Thanks and congratulations





A penny saved means thousands earned for the Student Press Law Center, thanks to some creative teachers and their energetic students.

Last year, SPLC launched “Your Voice, Your Freedom,” a grassroots fundraising campaign that enlists student journalists to help raise money and public awareness to support the Center’s programming. Students responded generously, with their time and their money. The campaign brought in more than $2,800 in its inaugural year.

The 2007 campaign was built around an escalating Penny War among high schools across the country. Two co-winners ‘ Shawnee Mission Northwest High School in Shawnee, Kan., advised by Susan Massy; and Grand Junction High School in Grand Junction, Colo., advised by Mark Newton ‘ shared the top prize for collecting the heaviest coin. Each publication staff celebrated with an April 8 pizza party courtesy of SPLC.

The work of these and other inventive SPLC supporters in the community is on display on the Center’s grassroots fundraising page, www.splc.org/yvyf.asp.

Newton, who is coordinating the “Your Voice” campaign in 2008, said his students help SPLC because they value their free speech and recognize its fragility.

“If we don’t give a little to support the SPLC, who will?”

Last year, SPLC launched “Your Voice, Your Freedom,” a grassroots fundraising campaign that enlists student journalists to help raise money and public awareness to support the Center’s programming. Students responded generously, with their time and their money. The campaign brought in more than $2,800 in its inaugural year.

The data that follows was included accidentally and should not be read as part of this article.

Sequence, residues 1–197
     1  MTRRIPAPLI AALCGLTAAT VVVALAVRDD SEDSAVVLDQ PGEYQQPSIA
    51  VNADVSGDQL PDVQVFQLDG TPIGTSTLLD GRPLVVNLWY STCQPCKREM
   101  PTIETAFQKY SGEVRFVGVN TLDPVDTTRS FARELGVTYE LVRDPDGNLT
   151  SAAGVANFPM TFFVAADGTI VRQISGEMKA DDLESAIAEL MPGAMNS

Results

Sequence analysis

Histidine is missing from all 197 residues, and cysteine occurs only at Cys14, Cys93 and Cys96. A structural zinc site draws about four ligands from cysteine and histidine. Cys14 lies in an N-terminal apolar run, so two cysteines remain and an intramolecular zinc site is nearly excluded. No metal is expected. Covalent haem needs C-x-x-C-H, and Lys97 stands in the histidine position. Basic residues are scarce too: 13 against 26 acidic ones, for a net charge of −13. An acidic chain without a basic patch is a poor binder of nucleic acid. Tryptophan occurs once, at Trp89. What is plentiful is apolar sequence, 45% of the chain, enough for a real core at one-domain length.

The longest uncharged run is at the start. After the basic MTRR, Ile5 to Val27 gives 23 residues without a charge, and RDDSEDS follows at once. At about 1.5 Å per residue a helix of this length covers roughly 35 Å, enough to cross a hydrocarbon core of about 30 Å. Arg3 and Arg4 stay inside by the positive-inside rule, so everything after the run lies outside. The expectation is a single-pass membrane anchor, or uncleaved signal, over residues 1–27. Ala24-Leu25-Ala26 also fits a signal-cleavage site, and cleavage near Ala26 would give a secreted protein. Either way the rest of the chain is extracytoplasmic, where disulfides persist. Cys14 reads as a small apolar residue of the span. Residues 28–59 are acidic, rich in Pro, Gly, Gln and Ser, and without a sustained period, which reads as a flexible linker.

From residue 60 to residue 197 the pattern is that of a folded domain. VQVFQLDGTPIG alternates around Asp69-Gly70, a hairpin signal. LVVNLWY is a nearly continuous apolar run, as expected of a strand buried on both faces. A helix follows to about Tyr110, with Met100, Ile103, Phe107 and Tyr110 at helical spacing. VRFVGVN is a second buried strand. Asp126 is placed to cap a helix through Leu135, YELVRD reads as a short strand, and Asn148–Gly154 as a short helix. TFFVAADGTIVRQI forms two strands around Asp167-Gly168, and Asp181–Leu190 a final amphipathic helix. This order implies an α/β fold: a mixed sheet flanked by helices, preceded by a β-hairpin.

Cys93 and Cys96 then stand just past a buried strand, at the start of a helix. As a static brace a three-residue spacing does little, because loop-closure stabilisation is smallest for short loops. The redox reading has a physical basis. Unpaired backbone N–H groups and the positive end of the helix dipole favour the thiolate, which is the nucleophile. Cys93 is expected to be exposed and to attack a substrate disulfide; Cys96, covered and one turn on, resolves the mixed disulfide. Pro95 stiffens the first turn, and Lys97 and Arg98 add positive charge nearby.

The 2007 campaign was built around an escalating Penny War among high schools across the country. Two co-winners ‘ Shawnee Mission Northwest High School in Shawnee, Kan., advised by Susan Massy; and Grand Junction High School in Grand Junction, Colo., advised by Mark Newton ‘ shared the top prize for collecting the heaviest coin. Each publication staff celebrated with an April 8 pizza party courtesy of SPLC.

The work of these and other inventive SPLC supporters in the community is on display on the Center’s grassroots fundraising page, www.splc.org/yvyf.asp.

Newton, who is coordinating the “Your Voice” campaign in 2008, said his students help SPLC because they value their free speech and recognize its fragility.

“If we don’t give a little to support the SPLC, who will?”


reports, Spring 2008